We have two companies. One is Privi Organics, a speciality chemical firm, which has contracts of 12-18 months with major multinationals. They are doing all right because it’s very specialised. Their 78% exposure is to five multinationals which use it as a critical raw material to make detergents, soaps, perfumes, etc.

Another company is Aeroflex Industries, which manufactures steel hoses, industrial hoses, gas kits which go to refineries which are very consumable items and very specialised industry. They supply to about 30 countries and they can see reduction in volumes in certain countries. In overall revenue volumes they are doing fine. Other than these, all our portfolio companies are purely domestic focused.  

Q. Will you be looking at control transactions?

Yes. We would be looking at control transactions, not buyouts. We have built a strong organisation now to handle control deals. But very selectively and not as a major focus area. 

Q. Do you have controlling stake in any of your portfolio firms now?

We are likely to get a control stake in one company as a result of our convertible structure. The conversion hasn’t happened yet and they can catch up in their performance and avoid it.

Q. Do you see investment clauses getting more favourable for investors when dealing with promoters nowadays?

We have been one of the strictest funds in terms of putting downside protections and clauses, using convertible structures. In the boom time, most of the funds were willing to waive these clauses but we did not. For us, there is no change and we have every clause possible in the private equity book.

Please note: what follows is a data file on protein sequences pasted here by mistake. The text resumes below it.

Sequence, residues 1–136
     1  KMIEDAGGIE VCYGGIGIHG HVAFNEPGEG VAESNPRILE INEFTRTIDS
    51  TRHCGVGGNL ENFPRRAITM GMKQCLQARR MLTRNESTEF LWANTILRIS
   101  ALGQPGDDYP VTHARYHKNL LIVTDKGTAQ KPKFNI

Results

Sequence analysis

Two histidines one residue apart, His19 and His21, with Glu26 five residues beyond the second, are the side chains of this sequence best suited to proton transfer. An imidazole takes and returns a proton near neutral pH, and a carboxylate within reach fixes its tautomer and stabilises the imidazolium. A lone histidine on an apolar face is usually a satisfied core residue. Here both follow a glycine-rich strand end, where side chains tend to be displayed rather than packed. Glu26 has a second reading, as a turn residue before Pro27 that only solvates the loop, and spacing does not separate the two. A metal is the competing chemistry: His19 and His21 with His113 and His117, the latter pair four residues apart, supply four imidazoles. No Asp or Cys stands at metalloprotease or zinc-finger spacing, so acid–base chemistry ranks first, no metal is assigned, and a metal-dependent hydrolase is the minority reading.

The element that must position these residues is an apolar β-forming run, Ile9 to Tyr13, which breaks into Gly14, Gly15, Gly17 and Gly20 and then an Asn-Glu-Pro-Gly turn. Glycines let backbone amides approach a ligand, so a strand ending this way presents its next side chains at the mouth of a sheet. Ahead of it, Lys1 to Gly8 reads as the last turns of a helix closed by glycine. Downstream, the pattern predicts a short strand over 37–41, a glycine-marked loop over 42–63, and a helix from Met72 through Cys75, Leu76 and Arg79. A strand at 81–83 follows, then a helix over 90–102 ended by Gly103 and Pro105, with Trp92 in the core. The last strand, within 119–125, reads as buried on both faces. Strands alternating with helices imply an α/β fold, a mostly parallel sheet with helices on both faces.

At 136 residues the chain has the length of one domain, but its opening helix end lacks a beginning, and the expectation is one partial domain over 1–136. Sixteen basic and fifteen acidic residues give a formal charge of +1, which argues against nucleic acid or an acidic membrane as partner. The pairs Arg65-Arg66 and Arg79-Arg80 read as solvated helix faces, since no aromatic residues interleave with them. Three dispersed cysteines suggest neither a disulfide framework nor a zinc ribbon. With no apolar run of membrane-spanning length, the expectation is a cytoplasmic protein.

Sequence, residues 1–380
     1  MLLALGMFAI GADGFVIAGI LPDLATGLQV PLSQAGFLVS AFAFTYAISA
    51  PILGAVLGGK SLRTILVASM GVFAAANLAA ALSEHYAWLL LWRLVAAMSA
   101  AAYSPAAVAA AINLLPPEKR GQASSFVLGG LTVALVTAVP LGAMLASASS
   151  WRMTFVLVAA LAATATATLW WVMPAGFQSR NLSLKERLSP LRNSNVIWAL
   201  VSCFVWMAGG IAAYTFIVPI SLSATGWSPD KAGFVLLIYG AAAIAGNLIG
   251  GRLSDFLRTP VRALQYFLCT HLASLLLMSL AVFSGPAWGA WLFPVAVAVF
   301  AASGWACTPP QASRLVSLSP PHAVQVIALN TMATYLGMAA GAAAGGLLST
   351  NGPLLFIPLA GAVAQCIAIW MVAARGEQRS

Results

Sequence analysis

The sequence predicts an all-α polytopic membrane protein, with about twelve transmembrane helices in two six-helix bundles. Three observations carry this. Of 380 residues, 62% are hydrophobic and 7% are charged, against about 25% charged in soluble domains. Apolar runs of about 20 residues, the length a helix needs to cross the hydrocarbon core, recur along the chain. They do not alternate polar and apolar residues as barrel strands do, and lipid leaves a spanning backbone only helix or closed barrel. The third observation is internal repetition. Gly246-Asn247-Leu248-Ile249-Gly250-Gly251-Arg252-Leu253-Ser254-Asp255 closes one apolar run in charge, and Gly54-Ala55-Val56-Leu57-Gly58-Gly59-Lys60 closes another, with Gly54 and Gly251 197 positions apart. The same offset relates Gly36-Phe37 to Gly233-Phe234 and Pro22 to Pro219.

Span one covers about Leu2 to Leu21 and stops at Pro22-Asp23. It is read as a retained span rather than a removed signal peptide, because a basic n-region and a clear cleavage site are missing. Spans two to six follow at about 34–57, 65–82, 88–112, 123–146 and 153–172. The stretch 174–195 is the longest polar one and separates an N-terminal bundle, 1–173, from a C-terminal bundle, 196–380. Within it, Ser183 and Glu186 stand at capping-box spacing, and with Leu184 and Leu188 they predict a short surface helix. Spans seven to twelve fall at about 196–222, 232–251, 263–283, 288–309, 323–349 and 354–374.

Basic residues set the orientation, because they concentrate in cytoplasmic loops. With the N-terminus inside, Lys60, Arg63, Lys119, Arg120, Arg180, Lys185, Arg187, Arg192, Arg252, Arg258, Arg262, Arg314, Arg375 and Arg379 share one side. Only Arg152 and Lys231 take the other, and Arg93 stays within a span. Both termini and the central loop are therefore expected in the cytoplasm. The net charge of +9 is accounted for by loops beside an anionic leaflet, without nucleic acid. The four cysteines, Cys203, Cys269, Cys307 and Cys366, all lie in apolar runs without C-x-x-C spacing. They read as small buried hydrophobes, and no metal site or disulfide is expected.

Q. That must have made closing investments in the boom time very difficult?

Yes. But we work very strongly with companies 5-6 months prior to investing to build the relationship rather than just doing deals brought in by intermediaries. Our moral is different. We help entrepreneurs manage the company, grow the company and re-organise the company. 

Q. What kind of exits have you had from previous funds?

From the first fund, we have exited four out of five investments and the fifth is underway. We don’t have any exits from second fund.


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1 Comment
Karthik . 5 years ago

PIPE deals in India are different from the PIPE deals in developed markets. There are a lot of publicly listed companies, which ought not to be listed in the first place. In India, there are absolutely no volumes for companies which are not in Top 100-150. Essentially PIPE deals in such companies are as complicated as PE deals in India.

Regards,

Karthik

India Has Not Managed Currency Very Well: Achal Ghai, Avigo Capital